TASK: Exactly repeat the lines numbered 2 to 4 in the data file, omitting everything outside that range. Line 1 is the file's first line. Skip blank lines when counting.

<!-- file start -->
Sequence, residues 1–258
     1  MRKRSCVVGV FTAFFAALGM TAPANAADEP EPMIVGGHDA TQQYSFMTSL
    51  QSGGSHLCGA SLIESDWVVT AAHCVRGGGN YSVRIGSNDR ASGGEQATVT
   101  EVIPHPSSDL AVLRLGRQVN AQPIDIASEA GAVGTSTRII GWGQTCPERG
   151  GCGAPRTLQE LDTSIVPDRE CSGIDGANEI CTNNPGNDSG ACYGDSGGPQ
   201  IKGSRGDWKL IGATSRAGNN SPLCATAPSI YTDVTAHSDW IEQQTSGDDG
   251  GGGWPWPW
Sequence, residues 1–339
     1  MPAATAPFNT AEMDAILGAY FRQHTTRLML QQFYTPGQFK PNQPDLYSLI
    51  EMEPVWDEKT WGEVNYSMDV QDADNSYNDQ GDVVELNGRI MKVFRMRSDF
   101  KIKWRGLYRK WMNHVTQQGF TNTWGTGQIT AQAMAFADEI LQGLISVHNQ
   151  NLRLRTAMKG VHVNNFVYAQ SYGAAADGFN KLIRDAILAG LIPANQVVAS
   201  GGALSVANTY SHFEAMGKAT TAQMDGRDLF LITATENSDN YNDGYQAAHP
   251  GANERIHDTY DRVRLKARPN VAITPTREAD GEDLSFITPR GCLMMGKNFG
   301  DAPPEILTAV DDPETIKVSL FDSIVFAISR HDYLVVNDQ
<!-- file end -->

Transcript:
     1  MRKRSCVVGV FTAFFAALGM TAPANAADEP EPMIVGGHDA TQQYSFMTSL
    51  QSGGSHLCGA SLIESDWVVT AAHCVRGGGN YSVRIGSNDR ASGGEQATVT
   101  EVIPHPSSDL AVLRLGRQVN AQPIDIASEA GAVGTSTRII GWGQTCPERG